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Original Clinical Report

Oliguria on the Day of Intubation Is Associated With Mortality in Patients With Acute Respiratory Distress Syndrome

Fadel, Raef A. DO1; Murskyj, Ivanna MD1; Abou Asala, Elian MD1; Nasiri, Nour MD1; Alsaadi, Ayman MD1; Scott, Ashley MD2; Ouellette, Daniel MD3

Author Information
Critical Care Explorations: June 2022 - Volume 4 - Issue 6 - p e0717
doi: 10.1097/CCE.0000000000000717


Critically ill patients often experience complex end-organ dysfunction that contributes to a high mortality rate (1,2). Acute kidney injury (AKI) is a frequent complication due to a variety of insults that impact renal function, including decreased renal perfusion in a shock state, medication insults (e.g., nephrotoxic antimicrobials and vasoactive agents), and possibly contrast (3). Such impact is further magnified in the presence of underlying chronic kidney disease (CKD) (4). Many studies have demonstrated an association between AKI and poor outcomes in patients with acute respiratory distress syndrome (ARDS) (3,5), compounded by comorbid conditions (6).

In patients who develop AKI in the context of ARDS, it remains unclear whether it is the metabolic effects of renal disease or the respiratory failure itself that increases the mortality in this population. One investigation of patients previously enrolled in the ARDS Network (ARDSNet) trial identified a correlation between low urine output and increased mortality in hospitalized patients with ARDS (7). Additionally, factors such as age, high clinical severity scores, and acidosis were associated with the development of AKI in a cohort of patients with ARDS (8).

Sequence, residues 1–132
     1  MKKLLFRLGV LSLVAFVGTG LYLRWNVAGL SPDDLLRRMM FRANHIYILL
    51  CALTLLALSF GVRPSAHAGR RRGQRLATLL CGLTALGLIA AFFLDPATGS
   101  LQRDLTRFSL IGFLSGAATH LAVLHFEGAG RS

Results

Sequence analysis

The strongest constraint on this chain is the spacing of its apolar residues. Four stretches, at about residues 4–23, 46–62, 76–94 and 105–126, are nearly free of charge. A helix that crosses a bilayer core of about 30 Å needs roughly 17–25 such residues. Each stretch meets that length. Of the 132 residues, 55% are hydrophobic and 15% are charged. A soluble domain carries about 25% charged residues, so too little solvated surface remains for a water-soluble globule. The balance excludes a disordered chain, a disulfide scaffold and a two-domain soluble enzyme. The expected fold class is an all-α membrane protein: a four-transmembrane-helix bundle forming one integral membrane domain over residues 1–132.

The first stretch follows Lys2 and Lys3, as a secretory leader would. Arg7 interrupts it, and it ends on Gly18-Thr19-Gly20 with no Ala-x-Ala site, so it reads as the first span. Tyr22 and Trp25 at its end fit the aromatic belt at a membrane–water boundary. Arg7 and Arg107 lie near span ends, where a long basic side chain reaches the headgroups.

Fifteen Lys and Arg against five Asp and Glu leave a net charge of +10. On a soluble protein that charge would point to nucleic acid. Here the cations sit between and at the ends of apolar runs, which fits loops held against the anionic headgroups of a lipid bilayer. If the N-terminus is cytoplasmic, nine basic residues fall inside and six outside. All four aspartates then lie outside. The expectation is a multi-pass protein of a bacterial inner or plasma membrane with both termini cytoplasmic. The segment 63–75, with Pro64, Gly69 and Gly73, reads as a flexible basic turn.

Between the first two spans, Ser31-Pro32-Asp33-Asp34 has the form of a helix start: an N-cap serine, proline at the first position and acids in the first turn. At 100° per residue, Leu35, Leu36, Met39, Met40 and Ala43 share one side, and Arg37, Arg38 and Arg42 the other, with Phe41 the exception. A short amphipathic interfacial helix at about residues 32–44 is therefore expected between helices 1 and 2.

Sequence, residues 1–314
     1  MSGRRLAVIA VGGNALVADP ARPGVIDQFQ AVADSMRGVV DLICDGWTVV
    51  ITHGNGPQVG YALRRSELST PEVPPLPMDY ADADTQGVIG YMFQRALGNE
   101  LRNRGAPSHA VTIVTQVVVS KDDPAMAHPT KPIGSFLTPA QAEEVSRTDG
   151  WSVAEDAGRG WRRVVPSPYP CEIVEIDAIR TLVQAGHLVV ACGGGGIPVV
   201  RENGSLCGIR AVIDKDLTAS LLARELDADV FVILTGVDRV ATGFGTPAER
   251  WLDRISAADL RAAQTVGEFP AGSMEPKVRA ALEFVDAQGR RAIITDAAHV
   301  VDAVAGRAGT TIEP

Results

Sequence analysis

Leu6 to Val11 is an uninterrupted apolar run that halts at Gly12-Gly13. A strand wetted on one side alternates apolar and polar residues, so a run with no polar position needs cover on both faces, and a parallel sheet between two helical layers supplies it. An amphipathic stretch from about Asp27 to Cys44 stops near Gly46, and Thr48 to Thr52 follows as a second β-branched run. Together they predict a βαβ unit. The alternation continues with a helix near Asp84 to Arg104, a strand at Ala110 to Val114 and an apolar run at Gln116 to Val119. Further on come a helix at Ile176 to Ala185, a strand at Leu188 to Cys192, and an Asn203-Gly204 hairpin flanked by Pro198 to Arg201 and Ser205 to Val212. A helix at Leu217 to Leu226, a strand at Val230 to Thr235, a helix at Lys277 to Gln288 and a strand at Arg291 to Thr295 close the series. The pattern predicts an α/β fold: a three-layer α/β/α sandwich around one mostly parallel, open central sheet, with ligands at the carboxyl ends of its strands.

The aim of this study was to investigate the relationship between oliguric AKI and mortality in patients with ARDS. We hypothesized that oliguric AKI is an independent risk factor for all-cause mortality in this population.


Study Design and Population

We performed a retrospective review of patients admitted to a single-center healthcare system in metropolitan Detroit, Michigan (Henry Ford Health System), between December 2012 and February 2018.

Hospital charts were screened for patients 18 years old or older, admitted to the ICU, and carrying a diagnosis of ARDS or acute respiratory distress. Patients were included if they met the Berlin criteria for moderate or severe ARDS, with a Pao2/Fio2 ratio (P/F) of less than 200 (9).

Patients were excluded if externally transferred to or from Henry Ford Health System, if they did not have consistent measurements of intake or output in the electronic health record (EHR), if ventilator mechanics were not documented by respiratory therapy, or if they required dialysis prior to onset of ARDS.